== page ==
Friday, November 7, 2008

Early detection in cancer and software...

There has been a lot of discussion recently about how agility forces truthfulness, it exposes the realities of a project, and the importance of feeling pain earlier.

It was also during this time in the last week that I lost a co-worker to cancer.

Somehow, I found a link between the two topics.

I won't go into the medical definition of cancer and what causes it since many of us have been affected by it through the experience of a loved one.

How does cancer relate to software development?

Early detection, diagnosis, and treatment of cancer is critical in increasing the chances of putting it into remission.

Early detection, diagnosis, and correction of problems on a software project is critical in increasing the chances of successful deployment.

The longer cancer is left unchecked, the less likely there will be a full recovery and the higher probability it will come out of remission later.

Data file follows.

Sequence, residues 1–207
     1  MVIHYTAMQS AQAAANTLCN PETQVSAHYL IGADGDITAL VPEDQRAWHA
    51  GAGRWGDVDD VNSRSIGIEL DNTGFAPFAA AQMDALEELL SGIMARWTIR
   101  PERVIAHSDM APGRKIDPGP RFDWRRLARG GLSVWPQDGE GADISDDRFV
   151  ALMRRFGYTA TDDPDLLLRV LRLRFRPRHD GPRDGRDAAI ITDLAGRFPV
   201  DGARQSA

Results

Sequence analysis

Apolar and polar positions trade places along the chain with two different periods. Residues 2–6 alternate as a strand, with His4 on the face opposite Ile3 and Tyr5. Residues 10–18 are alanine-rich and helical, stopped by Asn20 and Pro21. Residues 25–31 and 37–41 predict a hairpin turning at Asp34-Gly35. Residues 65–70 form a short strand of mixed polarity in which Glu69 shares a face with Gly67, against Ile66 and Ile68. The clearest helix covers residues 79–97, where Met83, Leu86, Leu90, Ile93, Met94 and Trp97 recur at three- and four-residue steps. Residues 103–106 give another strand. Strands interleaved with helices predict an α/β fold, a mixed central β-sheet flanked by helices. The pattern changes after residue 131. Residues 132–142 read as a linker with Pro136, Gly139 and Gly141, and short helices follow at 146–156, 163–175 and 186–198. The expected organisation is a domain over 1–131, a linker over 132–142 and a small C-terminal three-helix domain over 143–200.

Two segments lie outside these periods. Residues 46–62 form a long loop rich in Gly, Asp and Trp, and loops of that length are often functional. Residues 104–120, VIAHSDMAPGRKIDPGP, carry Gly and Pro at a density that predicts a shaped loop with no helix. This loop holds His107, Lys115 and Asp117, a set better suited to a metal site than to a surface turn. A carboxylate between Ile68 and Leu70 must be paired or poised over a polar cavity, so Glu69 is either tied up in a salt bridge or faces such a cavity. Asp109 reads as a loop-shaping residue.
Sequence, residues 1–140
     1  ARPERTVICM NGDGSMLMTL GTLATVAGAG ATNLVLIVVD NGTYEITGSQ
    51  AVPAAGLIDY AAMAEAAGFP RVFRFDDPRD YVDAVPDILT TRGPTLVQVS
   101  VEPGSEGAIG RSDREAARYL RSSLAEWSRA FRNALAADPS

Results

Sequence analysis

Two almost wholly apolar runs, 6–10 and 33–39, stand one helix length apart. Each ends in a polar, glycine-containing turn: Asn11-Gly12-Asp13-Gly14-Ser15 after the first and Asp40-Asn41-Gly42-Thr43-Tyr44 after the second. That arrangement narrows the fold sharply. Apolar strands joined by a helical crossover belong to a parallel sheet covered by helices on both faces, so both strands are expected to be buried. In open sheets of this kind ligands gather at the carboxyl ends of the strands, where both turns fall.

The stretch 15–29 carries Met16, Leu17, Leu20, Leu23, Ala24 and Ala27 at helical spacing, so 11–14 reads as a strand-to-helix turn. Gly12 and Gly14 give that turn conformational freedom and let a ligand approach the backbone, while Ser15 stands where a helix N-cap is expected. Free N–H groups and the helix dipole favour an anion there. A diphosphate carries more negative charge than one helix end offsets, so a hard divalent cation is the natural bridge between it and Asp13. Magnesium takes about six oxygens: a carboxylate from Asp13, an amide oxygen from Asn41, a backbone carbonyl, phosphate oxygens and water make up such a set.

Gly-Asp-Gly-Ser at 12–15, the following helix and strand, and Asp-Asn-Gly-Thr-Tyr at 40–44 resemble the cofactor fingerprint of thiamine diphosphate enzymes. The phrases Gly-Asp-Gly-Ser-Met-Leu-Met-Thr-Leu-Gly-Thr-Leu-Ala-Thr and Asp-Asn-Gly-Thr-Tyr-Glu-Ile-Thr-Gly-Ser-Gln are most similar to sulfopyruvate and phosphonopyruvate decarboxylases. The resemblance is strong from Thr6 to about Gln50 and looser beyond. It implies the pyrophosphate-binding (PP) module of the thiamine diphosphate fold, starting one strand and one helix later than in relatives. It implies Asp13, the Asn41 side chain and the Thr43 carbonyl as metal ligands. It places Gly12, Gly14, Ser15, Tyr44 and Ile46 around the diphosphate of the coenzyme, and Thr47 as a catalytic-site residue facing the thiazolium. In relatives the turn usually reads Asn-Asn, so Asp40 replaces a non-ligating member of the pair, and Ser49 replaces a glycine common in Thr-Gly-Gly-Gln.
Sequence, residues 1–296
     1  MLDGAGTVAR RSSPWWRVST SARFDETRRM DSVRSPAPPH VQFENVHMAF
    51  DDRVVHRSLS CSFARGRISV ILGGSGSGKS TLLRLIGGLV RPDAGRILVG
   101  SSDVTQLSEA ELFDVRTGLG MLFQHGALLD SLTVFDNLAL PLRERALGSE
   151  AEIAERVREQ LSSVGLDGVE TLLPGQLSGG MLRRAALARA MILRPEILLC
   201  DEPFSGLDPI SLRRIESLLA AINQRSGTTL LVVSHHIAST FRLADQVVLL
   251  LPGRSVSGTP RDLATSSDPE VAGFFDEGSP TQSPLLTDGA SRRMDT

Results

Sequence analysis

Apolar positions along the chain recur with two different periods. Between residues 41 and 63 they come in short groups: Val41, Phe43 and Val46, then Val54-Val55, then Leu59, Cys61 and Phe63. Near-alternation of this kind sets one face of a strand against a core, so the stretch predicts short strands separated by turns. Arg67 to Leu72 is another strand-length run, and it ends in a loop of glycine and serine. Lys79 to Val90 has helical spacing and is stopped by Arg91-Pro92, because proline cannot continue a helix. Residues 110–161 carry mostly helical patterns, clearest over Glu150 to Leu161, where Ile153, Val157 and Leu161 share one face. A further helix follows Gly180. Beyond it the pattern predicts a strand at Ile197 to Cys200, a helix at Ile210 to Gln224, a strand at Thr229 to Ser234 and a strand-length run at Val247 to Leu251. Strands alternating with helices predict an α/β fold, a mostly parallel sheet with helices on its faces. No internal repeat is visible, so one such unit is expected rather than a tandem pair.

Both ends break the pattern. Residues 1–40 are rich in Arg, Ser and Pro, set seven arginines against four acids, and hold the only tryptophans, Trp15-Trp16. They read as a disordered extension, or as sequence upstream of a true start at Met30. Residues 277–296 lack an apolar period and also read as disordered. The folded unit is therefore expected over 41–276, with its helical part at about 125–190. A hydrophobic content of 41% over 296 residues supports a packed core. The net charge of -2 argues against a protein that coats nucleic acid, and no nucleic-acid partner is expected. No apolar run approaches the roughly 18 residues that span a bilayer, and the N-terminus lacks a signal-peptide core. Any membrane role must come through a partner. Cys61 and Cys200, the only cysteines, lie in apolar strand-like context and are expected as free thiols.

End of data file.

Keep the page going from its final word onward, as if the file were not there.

The longer a major issue is tolerated on a project, the more likely the team culture is damaged and will not recover its rhythm because it has lost trust in peers or the environment around them.

I don't know if I'm stretching for this metaphor or not, but it just seems that there is a corollary here.

Early detection is critical in both cancer and software projects and agile provides mechanisms to insure the team (not just the mangers a.k.a. doctors) is empowered to be part of that detection process.

Is it possible that technical debt builds up like freckles and moles on the arm? At first they are benign and harmless, but when they build up the concern should be high?

Is the elephant in the room the malignant tumor lurking in silence soon to kill its host?

Next time you see the warning signs, get it checked out and taken care of. It might save you or your project.

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